Band – Various Artists
Album – Coma Regalia – The One Who Became Many
Country of Origin – Various
Genre – Screamo
Release Date – October 9, 2023
Label – Zegema Beach Records
Author – Andy D
First of all, I should take a moment to heap some praise on Coma Regalia, the formative band of now legendary screamo label Middle Man Records. Continuing in the early style of bands like Orchid and pageninetynine, they brought the style’s melodic yet crushing sheets of sound into the 2010s. Accessing the existential, introspective darkness of their influences, lyricist Edie Quinn transfigures angst, grief, and loss into a characteristic rasp over a wall of noise both melodic and chaotic. Not only that, but as a founder of Middle Man records, Quinn has become a major player in DIY music in general for over a decade, platforming other exciting newer bands such as For Your Health, Ostraca, and To Forget.
As a result, it’s hard to think of a currently active band more deserving of such a brilliant and complex tribute than Coma Regalia. Zegema Beach Records has already produced a couple tribute compilations for other bands, two who are among the most influential on today’s heavier side of emotive hardcore. The first of these, in 2017, paid tribute to Jeromes Dream, and even featured a contribution from Coma Regalia. The second, a smaller-scale affair, was an homage to Japanese post-screamo pioneers Envy. It is wonderful to see a band founded as recently as Coma Regalia receiving a similar treatment.
Covering screamo songs is a strange proposition. So often, a song’s characteristics are so closely tied to the band playing it that it’s hard to imagine it being painted with a different sonic palette. What this compilation offers is a glimpse into the styles of many bands that have either worked alongside Coma Regalia or been influenced by them – often radically different from the original songs. There is a nice mix of interpretations. Some relatively straightforward but no less passionate reconstructions of the source material live alongside more unusual reimaginings that showcase the integrity of the songwriting behind the originals.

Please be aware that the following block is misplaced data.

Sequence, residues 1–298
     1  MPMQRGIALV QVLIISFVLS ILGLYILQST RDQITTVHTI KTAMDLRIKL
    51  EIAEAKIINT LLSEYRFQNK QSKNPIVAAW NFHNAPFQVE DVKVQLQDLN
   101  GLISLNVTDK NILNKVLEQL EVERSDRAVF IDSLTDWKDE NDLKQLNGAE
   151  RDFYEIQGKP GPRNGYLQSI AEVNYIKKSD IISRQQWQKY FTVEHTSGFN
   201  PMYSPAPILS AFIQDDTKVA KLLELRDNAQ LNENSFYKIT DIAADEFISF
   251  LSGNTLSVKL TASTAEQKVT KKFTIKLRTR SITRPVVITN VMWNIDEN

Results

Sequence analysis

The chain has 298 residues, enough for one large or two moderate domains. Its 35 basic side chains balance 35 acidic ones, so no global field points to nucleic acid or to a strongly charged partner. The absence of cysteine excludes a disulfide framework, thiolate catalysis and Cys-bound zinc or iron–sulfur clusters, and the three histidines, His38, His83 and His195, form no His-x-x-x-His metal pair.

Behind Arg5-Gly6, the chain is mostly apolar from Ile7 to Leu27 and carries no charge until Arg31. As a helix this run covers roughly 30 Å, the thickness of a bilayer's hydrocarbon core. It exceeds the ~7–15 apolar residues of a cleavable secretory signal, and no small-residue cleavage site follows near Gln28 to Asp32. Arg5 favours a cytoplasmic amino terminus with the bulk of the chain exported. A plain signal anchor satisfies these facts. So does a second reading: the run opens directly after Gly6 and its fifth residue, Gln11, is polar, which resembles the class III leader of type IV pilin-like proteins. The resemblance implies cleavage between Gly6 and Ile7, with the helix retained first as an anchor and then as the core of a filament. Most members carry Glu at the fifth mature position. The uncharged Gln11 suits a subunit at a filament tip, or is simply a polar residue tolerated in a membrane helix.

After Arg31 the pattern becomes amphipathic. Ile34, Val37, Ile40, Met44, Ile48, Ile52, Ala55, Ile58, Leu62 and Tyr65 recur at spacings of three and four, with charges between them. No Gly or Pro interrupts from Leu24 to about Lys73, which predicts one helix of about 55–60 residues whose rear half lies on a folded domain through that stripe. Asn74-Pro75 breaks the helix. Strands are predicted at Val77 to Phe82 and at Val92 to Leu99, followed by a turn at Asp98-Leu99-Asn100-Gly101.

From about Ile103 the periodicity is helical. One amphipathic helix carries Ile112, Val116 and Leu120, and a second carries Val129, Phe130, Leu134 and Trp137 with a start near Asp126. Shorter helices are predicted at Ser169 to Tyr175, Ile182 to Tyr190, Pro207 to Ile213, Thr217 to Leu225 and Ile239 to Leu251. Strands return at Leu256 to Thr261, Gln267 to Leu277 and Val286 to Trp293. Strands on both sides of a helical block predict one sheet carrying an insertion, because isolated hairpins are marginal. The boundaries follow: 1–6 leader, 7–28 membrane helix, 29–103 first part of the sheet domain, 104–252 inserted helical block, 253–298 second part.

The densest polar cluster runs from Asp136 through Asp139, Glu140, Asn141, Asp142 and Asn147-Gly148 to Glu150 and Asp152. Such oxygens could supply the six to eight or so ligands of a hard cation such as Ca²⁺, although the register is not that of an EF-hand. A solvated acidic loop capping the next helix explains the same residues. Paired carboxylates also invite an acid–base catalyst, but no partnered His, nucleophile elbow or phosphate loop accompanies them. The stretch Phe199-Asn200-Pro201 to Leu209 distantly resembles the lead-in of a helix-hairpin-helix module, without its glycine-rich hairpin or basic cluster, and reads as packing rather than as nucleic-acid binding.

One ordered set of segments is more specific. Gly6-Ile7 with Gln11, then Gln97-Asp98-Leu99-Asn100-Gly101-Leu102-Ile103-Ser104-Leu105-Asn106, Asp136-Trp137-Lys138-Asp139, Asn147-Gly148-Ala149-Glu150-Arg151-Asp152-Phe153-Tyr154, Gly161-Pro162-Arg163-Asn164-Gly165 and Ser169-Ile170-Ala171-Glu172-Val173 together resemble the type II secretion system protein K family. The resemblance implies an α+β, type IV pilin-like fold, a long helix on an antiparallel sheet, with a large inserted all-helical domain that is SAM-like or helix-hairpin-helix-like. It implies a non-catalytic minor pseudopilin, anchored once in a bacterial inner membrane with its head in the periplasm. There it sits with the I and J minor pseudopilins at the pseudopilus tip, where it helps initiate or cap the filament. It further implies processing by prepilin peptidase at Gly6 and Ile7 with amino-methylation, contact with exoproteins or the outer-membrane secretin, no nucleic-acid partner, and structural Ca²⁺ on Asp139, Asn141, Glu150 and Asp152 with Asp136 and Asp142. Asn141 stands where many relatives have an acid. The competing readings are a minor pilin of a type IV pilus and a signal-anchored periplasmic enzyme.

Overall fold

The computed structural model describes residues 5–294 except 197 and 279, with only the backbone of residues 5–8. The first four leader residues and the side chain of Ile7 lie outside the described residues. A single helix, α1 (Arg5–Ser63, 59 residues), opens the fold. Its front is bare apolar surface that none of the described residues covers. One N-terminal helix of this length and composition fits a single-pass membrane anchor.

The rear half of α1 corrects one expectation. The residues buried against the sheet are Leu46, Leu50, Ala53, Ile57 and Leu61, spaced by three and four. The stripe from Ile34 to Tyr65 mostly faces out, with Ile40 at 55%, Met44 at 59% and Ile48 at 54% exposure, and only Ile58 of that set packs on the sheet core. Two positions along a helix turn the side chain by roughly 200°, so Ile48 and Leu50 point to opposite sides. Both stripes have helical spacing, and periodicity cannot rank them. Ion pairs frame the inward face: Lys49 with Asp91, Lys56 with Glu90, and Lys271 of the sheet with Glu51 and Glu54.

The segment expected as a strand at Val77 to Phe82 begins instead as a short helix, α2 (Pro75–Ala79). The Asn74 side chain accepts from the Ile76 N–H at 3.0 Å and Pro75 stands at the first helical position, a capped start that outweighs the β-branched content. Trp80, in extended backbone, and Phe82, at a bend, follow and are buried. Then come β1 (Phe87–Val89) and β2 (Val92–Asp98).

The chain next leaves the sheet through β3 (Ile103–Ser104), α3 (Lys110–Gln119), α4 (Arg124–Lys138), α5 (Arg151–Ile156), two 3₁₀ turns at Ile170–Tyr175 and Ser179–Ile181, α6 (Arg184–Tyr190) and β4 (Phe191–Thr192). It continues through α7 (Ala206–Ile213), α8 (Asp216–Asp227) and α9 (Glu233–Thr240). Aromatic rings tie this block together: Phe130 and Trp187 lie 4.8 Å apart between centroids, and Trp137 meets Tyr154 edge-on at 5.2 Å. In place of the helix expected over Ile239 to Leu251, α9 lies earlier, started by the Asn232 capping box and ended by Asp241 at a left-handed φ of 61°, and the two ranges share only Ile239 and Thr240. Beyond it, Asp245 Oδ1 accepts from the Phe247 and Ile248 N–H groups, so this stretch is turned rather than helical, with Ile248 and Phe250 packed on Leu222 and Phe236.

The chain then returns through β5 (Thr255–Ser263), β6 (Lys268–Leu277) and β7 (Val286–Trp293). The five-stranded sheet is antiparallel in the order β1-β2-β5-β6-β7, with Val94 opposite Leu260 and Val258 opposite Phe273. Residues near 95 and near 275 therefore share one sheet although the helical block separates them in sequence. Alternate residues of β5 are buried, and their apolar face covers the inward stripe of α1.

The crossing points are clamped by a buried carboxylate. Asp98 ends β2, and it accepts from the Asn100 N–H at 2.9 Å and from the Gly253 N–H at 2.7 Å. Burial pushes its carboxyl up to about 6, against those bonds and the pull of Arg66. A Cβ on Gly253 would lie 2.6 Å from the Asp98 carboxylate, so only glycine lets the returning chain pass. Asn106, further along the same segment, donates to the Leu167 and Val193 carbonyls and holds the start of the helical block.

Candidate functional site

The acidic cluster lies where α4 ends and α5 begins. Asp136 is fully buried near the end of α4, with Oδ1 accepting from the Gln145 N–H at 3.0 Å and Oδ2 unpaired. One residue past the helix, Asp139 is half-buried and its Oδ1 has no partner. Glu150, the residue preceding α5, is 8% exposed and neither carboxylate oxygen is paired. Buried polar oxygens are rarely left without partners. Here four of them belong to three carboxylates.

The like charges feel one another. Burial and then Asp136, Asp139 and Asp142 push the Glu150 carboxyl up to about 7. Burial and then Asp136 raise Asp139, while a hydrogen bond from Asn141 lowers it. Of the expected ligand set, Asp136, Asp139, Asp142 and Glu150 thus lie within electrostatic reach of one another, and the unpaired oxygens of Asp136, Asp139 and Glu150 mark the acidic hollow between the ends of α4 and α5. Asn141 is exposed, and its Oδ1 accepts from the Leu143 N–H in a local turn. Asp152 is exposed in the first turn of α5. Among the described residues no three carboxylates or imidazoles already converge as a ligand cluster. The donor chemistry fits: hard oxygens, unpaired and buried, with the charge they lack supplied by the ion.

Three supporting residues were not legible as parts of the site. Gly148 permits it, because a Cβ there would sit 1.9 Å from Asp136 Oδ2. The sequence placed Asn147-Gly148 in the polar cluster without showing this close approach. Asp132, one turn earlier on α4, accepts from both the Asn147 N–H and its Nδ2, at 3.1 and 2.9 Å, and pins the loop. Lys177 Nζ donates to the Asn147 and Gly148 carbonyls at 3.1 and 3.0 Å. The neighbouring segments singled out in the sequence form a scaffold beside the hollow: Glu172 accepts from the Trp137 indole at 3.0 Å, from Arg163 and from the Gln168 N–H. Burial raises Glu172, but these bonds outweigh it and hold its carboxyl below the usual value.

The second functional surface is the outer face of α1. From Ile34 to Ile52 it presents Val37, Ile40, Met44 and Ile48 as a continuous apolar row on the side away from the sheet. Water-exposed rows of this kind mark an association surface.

“Unrecognition” (originally “Un recognition”), for instance, is delivered faithfully by Hundreds of AU, beginning with a 3/4 riff played with a tightness and rhythmic sensitivity which ever so slightly pushes and pulls against the beat. This results in a lurching affect, a sonic representation of the emotional burden the lyrics carry. These small but impactful rhythmic inflections preserve a tastefulness and subtlety that is a hallmark of Coma Regalia’s playing, serving as a fitting and thoughtful tribute.
As an example of the other type of cover provided here, solo act Memorrhage’s rendition of “Meridias” is a lo-fi semi-acoustic ballad of a song from Coma Regalia’s first full length that originally jutted forth with intense rage, offering a mirror image of the original but still effectively painting the lyrics’ despair. Also notable to me was Roman Lions’ sleek, hi-fi take on “In Submission”, originally a churning, grimy d-beat rager.
As the track sequence continues, more experimental and extreme styles dominate, forming a sort of stylistic gradient between more straightforward melodic screamo on the front end of the album and nasty grindcore towards the end. This makes the compilation highly listenable as a continuous experience (I do not always find this is the case with various artist compilations). Through this, we get a take on Coma Regalia’s more extreme, powerviolence-oriented material through bands that specialize in this, even featuring more blackened and noise-inflected elements.
The compilation was released on October 9th and is available for pay-what-you-want on Bandcamp – I strongly recommend shooting a little money towards this wonderful effort as all digital sales and physical profits go toward Edie Quinn and Middle Man Records.
Biography: Andy D is a composer, bassist, and recovering academic. His own musical output draws from free improvisation, electroacoustic composition, metal, and jazz.